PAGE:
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Mother's Day: What happens when mom misses it? Guilt or growth?

Mother's Day: A working mom will be on a jet to West Africa, missing the day with her daughters. But, her absence – part of her job as a journalist – can be seen as a gift to them.

By Contributor / May 7, 2012

Mother's Day: A working mom will be on a jet, missing the day with her daughters – but it may be a gift to them.

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Growing up, we always celebrated Mother’s Day with breakfast in bed. Dressed in our pajamas, my sisters and I would burst into our parent’s room and proudly shower our Mom with brightly-colored cards and a tray of toast, coffee, and fresh flowers.

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Contributor

Molly Knight Raskin is a freelance writer, reporter and producer with more than a decade of experience in national media. She worked as an editor and reporter for The Baltimore Sun, as a political reporter for “The NewsHour with Jim Lehrer,” and has produced documentaries for PBS. She is the co-founder of Gravy Pictures, an independent film and production company focused on documentary-style storytelling and lives outside New York City with her husband and two young daughters.

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It’s a familiar tradition across the country, and now it’s one in my own house. As the mother of two little girls, I am the one being showered on Mother’s Day. This year, however, there won’t be much time for me, or my kids, to enjoy it.

Shortly after breakfast I’ll finish packing, head for the airport and board a plane to Africa.

The trip marks my second to Liberia for a documentary I’m producing on a ground-breaking mental health program there. When I first booked my flight I entered every combination of dates in an effort to avoid leaving on Mother’s Day. No matter which search engine I chose, the results were the same. Unless I added 24 more hours to my travel time, I had to fly on May 12.

The more I searched, the more frantic I became. Leaving two little kids for a far-flung corner of the world is hard enough, but on Mother’s Day? Suddenly, the specter of Mom guilt had me in its clutches. What message will this send to my girls? Will they feel neglected? Will they one day sit across from a therapist and cry about the time I left them on Mother’s Day? What kind of Mother am I?

That same day, I called on a friend for support. “You are not neglecting your kids,” she said. “You are giving them an invaluable gift.”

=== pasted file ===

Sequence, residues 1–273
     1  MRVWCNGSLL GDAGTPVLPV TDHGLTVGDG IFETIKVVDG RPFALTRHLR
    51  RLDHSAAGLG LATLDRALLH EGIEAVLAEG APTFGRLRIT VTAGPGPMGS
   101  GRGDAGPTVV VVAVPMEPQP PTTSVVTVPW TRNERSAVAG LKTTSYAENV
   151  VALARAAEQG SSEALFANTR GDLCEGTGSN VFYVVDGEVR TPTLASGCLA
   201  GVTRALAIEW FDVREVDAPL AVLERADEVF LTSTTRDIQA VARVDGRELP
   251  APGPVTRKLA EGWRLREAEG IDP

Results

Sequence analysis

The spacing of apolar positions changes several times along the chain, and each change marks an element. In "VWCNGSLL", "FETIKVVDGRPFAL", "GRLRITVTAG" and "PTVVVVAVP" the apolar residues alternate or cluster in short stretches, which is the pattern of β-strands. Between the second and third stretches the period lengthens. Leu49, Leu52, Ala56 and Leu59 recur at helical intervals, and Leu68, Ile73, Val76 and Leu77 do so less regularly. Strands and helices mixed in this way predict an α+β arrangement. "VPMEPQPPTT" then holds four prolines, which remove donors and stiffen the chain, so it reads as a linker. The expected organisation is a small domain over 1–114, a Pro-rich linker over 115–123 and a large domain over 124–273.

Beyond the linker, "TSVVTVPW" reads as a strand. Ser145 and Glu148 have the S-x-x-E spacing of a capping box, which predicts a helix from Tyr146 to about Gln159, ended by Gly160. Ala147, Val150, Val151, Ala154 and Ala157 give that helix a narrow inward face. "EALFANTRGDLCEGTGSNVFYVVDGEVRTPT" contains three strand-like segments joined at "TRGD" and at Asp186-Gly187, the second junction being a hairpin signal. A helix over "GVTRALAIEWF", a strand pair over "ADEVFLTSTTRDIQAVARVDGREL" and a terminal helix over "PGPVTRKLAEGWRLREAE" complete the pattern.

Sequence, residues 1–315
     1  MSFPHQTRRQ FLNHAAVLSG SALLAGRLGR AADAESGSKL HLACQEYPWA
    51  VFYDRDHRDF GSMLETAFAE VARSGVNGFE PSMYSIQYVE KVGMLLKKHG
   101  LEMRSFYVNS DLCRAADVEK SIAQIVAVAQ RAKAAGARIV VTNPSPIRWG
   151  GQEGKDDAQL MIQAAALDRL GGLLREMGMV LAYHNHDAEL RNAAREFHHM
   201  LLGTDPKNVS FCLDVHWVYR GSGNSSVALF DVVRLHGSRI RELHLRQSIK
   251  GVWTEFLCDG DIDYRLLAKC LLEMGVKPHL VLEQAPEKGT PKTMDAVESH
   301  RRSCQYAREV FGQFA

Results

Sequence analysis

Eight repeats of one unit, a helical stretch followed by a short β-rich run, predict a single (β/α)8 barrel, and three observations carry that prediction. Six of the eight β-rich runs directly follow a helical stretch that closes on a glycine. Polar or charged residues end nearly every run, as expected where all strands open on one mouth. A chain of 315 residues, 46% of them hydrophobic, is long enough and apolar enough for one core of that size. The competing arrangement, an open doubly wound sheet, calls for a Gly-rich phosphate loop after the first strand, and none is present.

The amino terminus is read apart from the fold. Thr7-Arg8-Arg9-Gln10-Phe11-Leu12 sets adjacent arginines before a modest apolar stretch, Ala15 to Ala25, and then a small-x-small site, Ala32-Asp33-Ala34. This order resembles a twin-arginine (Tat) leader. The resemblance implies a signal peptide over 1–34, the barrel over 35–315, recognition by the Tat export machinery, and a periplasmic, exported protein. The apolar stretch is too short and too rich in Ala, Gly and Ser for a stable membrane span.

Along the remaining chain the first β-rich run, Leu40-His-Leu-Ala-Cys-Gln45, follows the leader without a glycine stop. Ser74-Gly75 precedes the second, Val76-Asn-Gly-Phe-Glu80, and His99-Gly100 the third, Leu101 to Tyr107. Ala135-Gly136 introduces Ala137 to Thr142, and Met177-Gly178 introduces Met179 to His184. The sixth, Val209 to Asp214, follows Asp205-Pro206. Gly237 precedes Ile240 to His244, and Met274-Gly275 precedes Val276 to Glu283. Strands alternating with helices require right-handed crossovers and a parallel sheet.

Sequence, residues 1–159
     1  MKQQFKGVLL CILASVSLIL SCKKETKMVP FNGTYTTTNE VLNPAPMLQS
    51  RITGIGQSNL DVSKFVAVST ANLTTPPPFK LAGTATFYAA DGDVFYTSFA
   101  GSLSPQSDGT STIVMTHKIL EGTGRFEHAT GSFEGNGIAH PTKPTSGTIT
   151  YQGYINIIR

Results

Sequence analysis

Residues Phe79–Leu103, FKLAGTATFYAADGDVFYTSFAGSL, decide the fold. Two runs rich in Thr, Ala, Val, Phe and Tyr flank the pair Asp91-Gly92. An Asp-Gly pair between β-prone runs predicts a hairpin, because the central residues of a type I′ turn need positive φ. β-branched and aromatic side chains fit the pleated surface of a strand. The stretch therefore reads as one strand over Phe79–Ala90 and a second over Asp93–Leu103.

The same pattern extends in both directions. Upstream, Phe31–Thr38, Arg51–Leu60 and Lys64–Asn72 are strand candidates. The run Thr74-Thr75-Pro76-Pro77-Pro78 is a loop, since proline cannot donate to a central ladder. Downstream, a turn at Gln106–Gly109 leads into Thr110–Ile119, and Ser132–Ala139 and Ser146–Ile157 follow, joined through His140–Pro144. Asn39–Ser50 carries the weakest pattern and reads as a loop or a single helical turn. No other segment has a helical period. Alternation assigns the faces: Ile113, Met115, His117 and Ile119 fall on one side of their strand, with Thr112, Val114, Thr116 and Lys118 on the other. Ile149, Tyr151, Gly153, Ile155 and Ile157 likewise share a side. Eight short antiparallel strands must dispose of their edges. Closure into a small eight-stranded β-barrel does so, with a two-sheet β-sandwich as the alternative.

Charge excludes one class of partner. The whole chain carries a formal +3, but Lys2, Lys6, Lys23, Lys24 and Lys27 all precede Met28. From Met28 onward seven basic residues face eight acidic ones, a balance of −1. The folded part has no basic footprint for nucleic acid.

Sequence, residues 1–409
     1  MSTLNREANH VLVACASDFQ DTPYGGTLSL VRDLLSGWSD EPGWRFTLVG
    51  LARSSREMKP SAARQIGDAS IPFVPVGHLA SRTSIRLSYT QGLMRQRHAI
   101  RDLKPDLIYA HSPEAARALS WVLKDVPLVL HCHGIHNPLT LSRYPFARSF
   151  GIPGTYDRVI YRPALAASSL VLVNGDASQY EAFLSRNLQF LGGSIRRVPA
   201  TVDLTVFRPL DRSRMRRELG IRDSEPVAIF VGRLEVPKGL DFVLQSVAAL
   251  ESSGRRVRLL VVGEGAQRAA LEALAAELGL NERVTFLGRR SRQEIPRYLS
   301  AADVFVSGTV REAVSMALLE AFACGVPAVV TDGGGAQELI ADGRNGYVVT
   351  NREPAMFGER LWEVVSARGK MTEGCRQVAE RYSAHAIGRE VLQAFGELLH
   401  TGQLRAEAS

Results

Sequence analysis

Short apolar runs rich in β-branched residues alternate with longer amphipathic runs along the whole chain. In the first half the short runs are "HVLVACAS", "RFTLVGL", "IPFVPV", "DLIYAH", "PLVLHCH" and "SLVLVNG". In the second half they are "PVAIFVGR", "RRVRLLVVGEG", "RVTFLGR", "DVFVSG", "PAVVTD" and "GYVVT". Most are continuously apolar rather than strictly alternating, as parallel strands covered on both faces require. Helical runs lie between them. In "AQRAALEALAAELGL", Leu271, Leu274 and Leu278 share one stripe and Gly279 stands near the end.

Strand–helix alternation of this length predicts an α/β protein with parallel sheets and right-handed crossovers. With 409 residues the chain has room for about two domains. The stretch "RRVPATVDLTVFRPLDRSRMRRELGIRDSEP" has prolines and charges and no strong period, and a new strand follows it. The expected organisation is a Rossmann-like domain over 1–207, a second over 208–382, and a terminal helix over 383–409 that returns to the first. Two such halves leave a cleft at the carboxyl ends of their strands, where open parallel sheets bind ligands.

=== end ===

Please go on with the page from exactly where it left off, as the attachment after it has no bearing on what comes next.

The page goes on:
When reason prevails, I understand this. In my career as a journalist I’ve often traveled far in the name of an important story. And as my older daughter grows up, she is beginning to understand. She tells her friends I am going to Africa, and shares her knowledge of what it’s like to be a child there. When she talks about my work, I feel an overwhelming sense of pride.

Then, in what feels like an instant, the parenting guilt kicks in and defeats it. The questions about what might happen in my absence nag at me, and with a Mother’s Day departure they loom larger. Oftentimes they are trivial: What if they forget to bring show-n-tell? Will the babysitter remember to put the little one to bed with two books (no stuffed animals)?

As parents we’re so often guided by the idea that proximity to our children equals protection. The less we leave them, the better off they are. To a certain degree, of course, this is true. But it’s also true that to build their independence and confidence, we simply have to let go.

So this Mother’s Day, I am letting go. Yes, I am leaving my children on the very day most of my friends and family will be celebrating with their kids in the comfort of home.

But if by definition Mother’s Day is about honoring not only our role as parents but also our role in society, then I believe I am giving my girls a gift. It’s the message that they, too, can travel far and wide, pursue their work with passion and confidently step out of their comfort zone for causes they believe in. And if they do forget their show-n-tell in my absence, life will go on.

The Christian Science Monitor has assembled a diverse group of the best family and parenting bloggers out there. Our contributing and guest bloggers are not employed or directed by the Monitor, and the views expressed are the bloggers' own, as is responsibility for the content of their blogs.

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